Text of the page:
Hound of the baskervilles

Chapter 1
Mr. Sherlock Holmes, who was usually very late in the mornings, save upon those not infrequent occasions when he was up all night, was seated at the breakfast table. I stood upon the hearth-rug and picked up the stick which our visitor had left behind him the night before. It was a fine, thick piece of wood, bulbous-headed, of the sort which is known as a ‘Penang lawyer.’ Just under the head was a broad silver band nearly an inch across. ‘To James Mortimer, M.R.C.S., from his friends of the C.C.H.,’ was engraved upon it, with the date ‘1884.’ It was just such a stick as the old-fashioned family practitioner used to carry – dignified, solid, and reassuring.
‘Well, Watson, what do you make of it?’
Holmes was sitting with his back to me, and I had given him no sign of my occupation.

‘How did you know what I was doing? I believe you have eyes in the back of your head.’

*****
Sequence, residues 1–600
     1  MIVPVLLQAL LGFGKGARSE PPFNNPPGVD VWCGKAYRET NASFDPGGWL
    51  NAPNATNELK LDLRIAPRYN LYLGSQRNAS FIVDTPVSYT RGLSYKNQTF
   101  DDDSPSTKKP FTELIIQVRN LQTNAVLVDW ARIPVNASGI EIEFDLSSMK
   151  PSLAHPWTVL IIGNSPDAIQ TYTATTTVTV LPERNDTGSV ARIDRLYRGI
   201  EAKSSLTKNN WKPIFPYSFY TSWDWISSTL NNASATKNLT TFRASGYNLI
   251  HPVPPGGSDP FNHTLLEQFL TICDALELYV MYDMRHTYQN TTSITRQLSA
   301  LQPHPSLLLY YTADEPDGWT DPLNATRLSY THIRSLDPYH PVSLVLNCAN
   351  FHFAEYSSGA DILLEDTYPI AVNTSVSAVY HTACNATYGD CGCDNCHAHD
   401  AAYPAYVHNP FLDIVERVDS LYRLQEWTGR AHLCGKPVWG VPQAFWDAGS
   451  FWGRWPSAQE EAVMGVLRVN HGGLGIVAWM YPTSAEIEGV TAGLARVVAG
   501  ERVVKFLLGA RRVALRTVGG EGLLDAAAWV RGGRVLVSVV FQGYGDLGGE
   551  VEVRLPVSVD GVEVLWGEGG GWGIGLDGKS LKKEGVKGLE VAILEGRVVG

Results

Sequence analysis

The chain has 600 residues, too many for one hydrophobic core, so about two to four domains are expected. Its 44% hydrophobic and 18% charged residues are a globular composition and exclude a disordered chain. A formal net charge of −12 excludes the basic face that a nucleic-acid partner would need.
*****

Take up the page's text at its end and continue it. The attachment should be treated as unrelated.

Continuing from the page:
‘I have, at least, a well-polished, silver-plated coffee-pot in front of me,’ said he. ‘But, tell me, Watson, what do you make of our visitor’s stick? Since we have been so unfortunate as to miss him and have no notion of his errand, this accidental souvenir becomes of importance. Let me hear you reconstruct the man by an examination of it.’
‘I think,’ said I, following as far as I could the methods of my companion, ‘that Dr. Mortimer is a successful, elderly medical man, well-esteemed since those who know him give him this mark of their appreciation.’
‘Good!’ said Holmes. ‘Excellent!’
‘I think also that the probability is in favour of his being a country practitioner who does a great deal of his visiting on foot.’
‘Why so?’
‘Because this stick, though originally a very handsome one has been so knocked about that I can hardly imagine a town practitioner carrying it. The thick-iron ferrule is worn down, so it is evident that he has done a great amount of walking with it.’
‘Perfectly sound!’ said Holmes.

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‘And then again, there is the ”friends of the C.C.H.” I should guess that to be the Something Hunt, the local hunt to whose members he has possibly given some surgical assistance, and which has made him a small presentation in return.’